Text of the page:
After nearly a century and half traveling across the U.S. and delighting audiences with “The Greatest Show on Earth,” the Ringling Bros. and Barnum & Bailey Circus is striking the tent on its iconic show. Its final performances will be in May.
In a statement on the Ringling website, Kenneth Feld, chairman and CEO of Feld Entertainment — the circus’ parent company — largely blamed declining ticket sales for its decision to permanently fold the big top on the 146-year-old organization. The slump in sales became even more pronounced after the circus pulled the iconic elephants from its shows last year.
After several years of protests and criticism from animal-rights groups, Ringling Bros. halted its elephant shows in 2016, retiring the popular pachyderms to its Center for Elephant Conservation in Florida. Feld says:
“This, coupled with high operating costs, made the circus an unsustainable business for the company.”
Ringling Bros. has two touring circuses that will perform their final shows on May 7 in Providence, Rhode Island, and May 21 in Uniondale, New York.
According to The Wall Street Journal, although Ringling Bros. is the biggest and best-known circus to call it quits recently, other circuses have accepted the same fate.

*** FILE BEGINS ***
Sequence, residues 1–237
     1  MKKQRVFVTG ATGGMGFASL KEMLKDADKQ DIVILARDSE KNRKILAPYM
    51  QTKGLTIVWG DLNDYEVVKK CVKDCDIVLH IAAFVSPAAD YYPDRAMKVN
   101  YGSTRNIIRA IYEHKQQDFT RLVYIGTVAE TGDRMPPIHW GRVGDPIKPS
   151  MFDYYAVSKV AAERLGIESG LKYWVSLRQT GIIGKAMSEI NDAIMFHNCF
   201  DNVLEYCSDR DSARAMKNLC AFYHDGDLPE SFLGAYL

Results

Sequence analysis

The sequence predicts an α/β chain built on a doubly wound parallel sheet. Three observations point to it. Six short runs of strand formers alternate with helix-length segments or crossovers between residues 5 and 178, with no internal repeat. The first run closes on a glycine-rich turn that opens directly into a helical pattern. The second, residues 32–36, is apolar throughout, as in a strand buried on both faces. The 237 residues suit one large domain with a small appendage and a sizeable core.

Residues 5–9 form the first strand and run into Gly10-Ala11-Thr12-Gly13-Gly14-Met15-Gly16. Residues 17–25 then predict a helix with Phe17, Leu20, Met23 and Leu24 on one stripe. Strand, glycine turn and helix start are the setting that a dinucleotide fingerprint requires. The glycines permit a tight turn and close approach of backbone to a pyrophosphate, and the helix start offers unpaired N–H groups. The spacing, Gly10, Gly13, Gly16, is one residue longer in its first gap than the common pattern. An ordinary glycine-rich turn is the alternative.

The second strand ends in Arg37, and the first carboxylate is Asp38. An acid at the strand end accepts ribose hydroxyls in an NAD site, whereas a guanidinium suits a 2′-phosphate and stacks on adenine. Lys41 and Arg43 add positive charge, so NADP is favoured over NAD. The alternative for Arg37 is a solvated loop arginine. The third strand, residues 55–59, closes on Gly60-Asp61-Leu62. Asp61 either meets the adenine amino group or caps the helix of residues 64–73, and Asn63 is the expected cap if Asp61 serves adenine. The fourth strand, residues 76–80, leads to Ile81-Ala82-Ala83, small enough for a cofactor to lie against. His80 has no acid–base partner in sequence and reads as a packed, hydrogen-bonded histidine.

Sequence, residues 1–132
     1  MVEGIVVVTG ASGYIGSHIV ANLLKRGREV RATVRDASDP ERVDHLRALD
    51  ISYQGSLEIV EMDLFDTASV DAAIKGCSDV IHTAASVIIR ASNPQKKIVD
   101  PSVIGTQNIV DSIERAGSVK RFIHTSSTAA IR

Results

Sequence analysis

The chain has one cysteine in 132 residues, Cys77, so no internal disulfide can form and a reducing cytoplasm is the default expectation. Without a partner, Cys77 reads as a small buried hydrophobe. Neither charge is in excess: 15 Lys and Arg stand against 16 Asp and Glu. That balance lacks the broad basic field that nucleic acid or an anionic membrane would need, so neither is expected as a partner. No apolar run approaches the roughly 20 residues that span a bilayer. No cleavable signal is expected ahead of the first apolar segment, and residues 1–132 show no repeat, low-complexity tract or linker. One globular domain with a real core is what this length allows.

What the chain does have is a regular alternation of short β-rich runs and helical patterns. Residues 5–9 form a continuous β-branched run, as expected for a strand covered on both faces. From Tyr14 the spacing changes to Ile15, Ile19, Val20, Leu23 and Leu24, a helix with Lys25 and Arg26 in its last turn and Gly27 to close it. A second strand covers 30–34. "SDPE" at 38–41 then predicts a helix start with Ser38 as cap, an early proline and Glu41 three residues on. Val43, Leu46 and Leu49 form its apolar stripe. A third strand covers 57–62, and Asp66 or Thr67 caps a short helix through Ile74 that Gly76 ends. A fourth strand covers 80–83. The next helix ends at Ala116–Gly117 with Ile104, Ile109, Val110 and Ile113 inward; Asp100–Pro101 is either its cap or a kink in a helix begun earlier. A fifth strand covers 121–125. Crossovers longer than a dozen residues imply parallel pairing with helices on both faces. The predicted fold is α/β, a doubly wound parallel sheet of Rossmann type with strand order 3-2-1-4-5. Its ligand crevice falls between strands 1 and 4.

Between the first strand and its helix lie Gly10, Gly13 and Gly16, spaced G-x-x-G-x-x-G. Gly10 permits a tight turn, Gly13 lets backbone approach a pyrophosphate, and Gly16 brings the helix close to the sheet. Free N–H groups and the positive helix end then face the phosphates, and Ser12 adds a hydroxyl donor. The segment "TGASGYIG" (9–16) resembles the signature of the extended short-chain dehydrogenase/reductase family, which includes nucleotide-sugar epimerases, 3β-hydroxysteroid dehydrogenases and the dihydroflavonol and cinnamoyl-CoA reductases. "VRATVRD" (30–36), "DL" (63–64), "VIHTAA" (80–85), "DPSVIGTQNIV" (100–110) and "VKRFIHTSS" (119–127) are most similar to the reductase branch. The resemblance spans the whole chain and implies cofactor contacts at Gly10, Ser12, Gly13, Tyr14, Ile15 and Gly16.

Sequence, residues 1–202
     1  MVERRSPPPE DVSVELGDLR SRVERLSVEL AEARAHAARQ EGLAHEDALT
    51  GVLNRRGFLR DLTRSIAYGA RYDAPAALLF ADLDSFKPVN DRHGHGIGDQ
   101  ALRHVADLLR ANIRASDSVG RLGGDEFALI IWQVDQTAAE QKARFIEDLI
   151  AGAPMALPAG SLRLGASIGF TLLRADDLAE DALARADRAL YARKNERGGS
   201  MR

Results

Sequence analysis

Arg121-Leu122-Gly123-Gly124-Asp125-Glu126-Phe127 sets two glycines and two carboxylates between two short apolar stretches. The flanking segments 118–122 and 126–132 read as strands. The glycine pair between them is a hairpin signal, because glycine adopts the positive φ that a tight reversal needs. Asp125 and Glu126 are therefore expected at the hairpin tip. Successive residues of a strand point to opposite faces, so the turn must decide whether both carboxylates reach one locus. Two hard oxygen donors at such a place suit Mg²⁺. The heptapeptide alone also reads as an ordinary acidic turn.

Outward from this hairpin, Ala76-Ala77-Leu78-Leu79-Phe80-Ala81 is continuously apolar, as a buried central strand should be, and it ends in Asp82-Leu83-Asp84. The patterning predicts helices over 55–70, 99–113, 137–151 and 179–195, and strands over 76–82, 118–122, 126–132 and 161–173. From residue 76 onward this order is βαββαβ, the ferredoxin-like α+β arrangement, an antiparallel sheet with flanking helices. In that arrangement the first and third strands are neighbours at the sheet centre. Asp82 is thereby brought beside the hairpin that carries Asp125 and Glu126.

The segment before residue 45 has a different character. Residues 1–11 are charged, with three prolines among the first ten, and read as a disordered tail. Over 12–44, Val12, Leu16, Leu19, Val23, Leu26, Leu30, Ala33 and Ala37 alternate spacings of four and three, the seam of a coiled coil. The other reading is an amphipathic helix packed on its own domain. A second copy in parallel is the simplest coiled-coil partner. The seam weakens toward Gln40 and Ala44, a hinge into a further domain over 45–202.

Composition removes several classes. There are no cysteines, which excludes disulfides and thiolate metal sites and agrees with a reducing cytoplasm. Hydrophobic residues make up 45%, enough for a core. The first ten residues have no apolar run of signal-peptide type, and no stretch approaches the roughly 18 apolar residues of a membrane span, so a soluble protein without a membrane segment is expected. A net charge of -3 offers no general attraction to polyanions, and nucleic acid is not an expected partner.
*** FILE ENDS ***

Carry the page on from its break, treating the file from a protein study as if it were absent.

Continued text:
Cole Bros. — a touring circus founded in 1884 — shuttered its operation last year. New York-based Big Apple Circus also recently suspended its performances, the WSJ reports.
Scott O’Donnell, executive director of the Circus World museum and a former circus performer, tells the WSJ that circuses enjoyed wildly prosperous times in their early years traveling across America because they provided live entertainment for the whole family with little to no competition.
“There was no ‘Barney Live’ show, there was no ‘Sesame Street,'” O’Donnell explains.
And while the imminent Ringling Bros. shutdown may appear to be the end of the circus era in the U.S., some industry experts disagree.
Wayne McCary, a veteran circus producer and vice president of global circus organization Fédération Mondiale du Cirque, notes that newer circus acts — like Cirque de Soleil — are flourishing.
Ringling Bros.’ closure “should not be read as the death of circus in America,” he says.
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